How to get a character size in pixels?

Hi,
I would like to draw on a given dc some text bounded by a rect.
The problem is that I don't want to get the font height but the character height ( or the max height of a string ). Some font use characters that are much smaller then there font size. an "M" does not reach the top of the font and a "g" does not reach the bottom of the font.

Please advice,
Udi Raz
UdiRazAsked:
Who is Participating?
I wear a lot of hats...

"The solutions and answers provided on Experts Exchange have been extremely helpful to me over the last few years. I wear a lot of hats - Developer, Database Administrator, Help Desk, etc., so I know a lot of things but not a lot about one thing. Experts Exchange gives me answers from people who do know a lot about one thing, in a easy to use platform." -Todd S.

jkrCommented:
You can get that using 'GetTextExtentPoint32()' (http://msdn.microsoft.com/en-us/library/aa911424.aspx), see also http://msdn.microsoft.com/en-us/library/ms534015(VS.85).aspx ("String Widths and Heights")
0

Experts Exchange Solution brought to you by

Your issues matter to us.

Facing a tech roadblock? Get the help and guidance you need from experienced professionals who care. Ask your question anytime, anywhere, with no hassle.

Start your 7-day free trial
numberkruncherCommented:
Here are some snippets that I used a while back when I was creating a custom text editor.

// If you are using MFC:
CDC dc;
CSize size = dc.GetTextExtent("My String");

// If you are using Win32 SDK
SIZE size = {0};
::GetTextExtentPoint(hdc, "My String", strlen("My String"), &size);

0
ZoppoCommented:
Hi UdiRa,

further you can use 'DrawText' with flag 'DT_CALCRECT' - this is helpful if you want the size of multiline texts if you have a given width to draw to.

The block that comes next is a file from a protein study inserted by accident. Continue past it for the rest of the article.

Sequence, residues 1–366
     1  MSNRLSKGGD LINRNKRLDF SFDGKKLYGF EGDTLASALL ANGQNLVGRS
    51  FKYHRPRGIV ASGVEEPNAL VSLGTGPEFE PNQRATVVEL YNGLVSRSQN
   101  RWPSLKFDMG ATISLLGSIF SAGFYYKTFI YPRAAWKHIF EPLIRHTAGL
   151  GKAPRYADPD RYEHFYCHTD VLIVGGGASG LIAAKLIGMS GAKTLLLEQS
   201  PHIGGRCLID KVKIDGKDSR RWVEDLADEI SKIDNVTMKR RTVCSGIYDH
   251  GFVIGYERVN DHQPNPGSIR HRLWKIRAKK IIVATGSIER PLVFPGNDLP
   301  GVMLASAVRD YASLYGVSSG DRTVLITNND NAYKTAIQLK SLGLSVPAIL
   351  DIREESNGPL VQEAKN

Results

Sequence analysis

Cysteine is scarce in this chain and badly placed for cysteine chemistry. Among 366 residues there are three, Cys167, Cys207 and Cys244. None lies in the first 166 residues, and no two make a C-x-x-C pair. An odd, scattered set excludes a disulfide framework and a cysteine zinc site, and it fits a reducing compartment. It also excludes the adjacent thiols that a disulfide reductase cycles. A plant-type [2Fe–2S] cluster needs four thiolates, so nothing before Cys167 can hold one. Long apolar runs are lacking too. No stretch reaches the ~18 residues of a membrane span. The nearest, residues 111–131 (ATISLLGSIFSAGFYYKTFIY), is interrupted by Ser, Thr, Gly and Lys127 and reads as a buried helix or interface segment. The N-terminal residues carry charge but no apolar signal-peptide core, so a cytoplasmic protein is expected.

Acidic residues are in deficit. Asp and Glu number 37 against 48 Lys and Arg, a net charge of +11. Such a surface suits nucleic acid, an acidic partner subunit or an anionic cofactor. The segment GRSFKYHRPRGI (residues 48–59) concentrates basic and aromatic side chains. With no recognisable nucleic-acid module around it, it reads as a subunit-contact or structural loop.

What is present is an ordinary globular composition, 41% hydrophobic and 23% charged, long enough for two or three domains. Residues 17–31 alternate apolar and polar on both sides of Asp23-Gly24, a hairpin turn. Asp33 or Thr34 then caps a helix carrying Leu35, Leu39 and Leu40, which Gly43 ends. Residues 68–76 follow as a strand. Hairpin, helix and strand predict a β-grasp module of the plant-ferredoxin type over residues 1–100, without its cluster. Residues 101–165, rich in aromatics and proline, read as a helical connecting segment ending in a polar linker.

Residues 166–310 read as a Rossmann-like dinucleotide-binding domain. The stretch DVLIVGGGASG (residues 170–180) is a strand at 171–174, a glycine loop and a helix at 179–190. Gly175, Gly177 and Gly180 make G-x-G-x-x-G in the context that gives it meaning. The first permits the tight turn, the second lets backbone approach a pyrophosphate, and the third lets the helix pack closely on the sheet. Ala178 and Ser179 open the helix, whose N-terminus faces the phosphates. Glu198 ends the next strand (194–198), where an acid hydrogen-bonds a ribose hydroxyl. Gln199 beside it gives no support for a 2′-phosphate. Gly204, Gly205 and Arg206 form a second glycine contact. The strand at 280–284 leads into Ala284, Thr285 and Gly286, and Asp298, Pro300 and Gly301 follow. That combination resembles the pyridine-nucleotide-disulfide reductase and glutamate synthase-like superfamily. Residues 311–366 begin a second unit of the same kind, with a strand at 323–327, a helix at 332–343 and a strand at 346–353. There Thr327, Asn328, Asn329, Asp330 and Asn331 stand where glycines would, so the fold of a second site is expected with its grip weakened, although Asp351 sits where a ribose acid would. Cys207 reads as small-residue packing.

ZOPPO
0
Cloud Class® Course: Ruby Fundamentals

This course will introduce you to Ruby, as well as teach you about classes, methods, variables, data structures, loops, enumerable methods, and finishing touches.

itsmeandnobodyelseCommented:
To add to above comments:

For all these functions you must have selected the font to the dc by calling SelectObject. And it actually works only if the dc was associated to an existing window (hwnd) and was ready for painting.
0
numberkruncherCommented:
Hi UdiRaz

Did you manage to solve your problem? or did you need any further assistance?
0
UdiRazAuthor Commented:
I'm sorry guys, my boss ask me to do something else so it will take me couple of day to get back into it.

Thanks
0
UdiRazAuthor Commented:
Both GetTextExtent and GetTextExtentPoint32 returns the font size as height and not the real height of the text.

I created a dialog and draw some characters in english and Hindi using a font that supports both languages.

below is a code snippet and an image of the result.
void CFontSizeTestDlg::OnBnClickedDrawText()
{
	CFont tmpFont;
 
	VERIFY(tmpFont.CreateFont(
		22,						    // nHeight
		0,                         // nWidth
		0,                         // nEscapement
		0,                         // nOrientation
		FW_REGULAR,				   // nWeight
		FALSE,                     // bItalic